Aja Sparks is a senior at Tufts University pursuing a B.S. in Physics. Academically, she loves exploring her curiosity in high-energy particle physics and other unfamiliar topics. As an undergraduate researcher on the Deep Underground Neutrino Experiment (DUNE), she is currently researching neutrino oscillation phenomenology and will write her upcoming senior thesis analyzing why atmospheric neutrinos are a good laboratory for studying neutrino oscillations and making measurements of fundamental quantities of the Standard Model. Outside of her studies, Aja is passionate about furthering equitable opportunities in education as well as advancing the representation of Black and African-American students in physics. Within the Physics and Astronomy Department at Tufts, Aja is an active member and advocate on the DEIJ Committee, an enthused learning assistant for introductory physics courses, and the Founding President of Tufts University’s Society of Black Physicists Chapter. A Coding It Forward First Act Fund grantee, she is the founder of PrepSolo, formerly a mobile test prep app that will be integrated into a centralized, online platform designed for traditionally marginalized students to learn from the experiences and advice of other underrepresented students regarding standardized test preparation and graduate school applications. Aja also serves as a volunteer mentor of Citizen Schools, a national nonprofit mentoring program that creates equitable opportunities for students to thrive in school and beyond by providing hands-on learning and career mentors. She plans to explore the intersectionality of these interests in science, technology, society and law by pursuing a J.D. and a legal career in intellectual property law. Aja is excited to work with ABF Research Professor Dr. Shari Diamond this summer on Science and the Legal System: Phase Two.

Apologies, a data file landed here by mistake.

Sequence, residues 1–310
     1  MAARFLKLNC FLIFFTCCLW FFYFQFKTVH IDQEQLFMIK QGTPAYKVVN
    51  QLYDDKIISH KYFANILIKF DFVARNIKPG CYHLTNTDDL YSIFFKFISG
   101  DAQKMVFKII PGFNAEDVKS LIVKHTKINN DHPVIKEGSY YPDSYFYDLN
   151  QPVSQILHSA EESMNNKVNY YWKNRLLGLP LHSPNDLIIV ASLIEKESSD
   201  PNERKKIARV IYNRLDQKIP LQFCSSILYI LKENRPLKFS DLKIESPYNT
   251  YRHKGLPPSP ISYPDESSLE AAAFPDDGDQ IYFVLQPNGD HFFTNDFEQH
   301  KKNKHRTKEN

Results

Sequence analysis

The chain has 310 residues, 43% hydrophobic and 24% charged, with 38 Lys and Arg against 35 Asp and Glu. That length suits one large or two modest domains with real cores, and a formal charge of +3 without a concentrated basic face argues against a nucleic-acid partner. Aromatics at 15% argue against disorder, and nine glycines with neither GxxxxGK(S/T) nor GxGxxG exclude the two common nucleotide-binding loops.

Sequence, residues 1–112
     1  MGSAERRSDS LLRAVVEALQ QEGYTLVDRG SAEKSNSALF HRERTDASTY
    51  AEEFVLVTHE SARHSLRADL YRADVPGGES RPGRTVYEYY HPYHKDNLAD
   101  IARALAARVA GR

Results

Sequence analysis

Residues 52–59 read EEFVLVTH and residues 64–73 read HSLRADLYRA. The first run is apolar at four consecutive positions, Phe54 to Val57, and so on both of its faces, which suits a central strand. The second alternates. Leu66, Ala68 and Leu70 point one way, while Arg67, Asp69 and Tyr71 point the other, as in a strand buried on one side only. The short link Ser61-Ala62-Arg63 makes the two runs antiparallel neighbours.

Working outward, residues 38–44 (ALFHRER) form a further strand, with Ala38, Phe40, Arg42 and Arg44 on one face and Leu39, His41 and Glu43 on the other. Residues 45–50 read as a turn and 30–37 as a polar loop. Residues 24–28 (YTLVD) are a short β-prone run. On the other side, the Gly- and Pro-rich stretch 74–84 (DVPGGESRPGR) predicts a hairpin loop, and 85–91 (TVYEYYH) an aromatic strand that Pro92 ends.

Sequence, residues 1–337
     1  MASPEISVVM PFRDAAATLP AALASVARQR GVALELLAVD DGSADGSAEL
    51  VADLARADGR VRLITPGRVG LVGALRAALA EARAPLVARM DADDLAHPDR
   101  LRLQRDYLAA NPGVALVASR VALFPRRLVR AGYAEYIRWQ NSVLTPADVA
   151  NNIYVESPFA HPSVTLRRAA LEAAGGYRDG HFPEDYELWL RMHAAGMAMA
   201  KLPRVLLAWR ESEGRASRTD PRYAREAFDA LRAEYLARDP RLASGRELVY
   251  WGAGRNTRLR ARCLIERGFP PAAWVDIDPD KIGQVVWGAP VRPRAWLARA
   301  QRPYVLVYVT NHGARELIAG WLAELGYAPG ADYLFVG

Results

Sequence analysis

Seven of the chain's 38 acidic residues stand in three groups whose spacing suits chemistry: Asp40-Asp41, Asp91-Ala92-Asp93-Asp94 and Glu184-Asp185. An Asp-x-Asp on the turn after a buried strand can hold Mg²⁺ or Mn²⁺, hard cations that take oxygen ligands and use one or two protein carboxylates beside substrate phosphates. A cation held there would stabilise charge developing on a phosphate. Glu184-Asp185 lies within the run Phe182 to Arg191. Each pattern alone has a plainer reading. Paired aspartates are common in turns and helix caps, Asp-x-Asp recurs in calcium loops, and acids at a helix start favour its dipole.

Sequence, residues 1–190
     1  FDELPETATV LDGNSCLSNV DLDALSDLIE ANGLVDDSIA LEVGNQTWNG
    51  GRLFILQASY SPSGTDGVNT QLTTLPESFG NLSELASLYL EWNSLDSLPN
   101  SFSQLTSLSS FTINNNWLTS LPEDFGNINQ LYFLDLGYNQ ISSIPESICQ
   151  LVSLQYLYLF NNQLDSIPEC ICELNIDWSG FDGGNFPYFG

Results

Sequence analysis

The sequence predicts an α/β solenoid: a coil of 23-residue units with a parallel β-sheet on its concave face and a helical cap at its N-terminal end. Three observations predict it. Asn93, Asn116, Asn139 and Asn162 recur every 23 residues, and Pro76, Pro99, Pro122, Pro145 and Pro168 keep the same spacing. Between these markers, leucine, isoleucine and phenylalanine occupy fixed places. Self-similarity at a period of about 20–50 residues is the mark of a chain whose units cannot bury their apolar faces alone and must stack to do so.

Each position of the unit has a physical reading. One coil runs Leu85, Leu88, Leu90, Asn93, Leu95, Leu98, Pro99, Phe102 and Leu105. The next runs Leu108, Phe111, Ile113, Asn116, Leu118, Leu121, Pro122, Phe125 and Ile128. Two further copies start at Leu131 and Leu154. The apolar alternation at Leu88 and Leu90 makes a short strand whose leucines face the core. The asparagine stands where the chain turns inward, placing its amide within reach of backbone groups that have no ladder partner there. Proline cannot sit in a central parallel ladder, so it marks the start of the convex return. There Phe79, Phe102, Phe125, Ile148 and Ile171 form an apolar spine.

Alejandro Sandoval is a rising sophomore at the University Chicago born in Mexico and raised in Miami studying Philosophy and Sociology. He is passionate about studying philosophical insights into the processes of discrimination in modern society, as well as the sociological roots of varying degrees of discrimination and integration experienced by different immigrant groups. Growing up as a Mexican immigrant in Miami, observing disparities in systemic treatment and material conditions across different immigrant populations has driven his passion to investigate the intersection between sociology, philosophy, and the experiences of immigrants in the United States. He is excited to utilize his passion and curiosity for these subjects to assist ABF Post-Doctoral Fellow Hardeep Dhillon on her research on the legal history of the exclusion of South Asian immigrants in the United States. He also hopes to continue learning languages past English, Spanish, and Arabic to be able to expand his investigation of the treatment of underrepresented diasporas in the United States.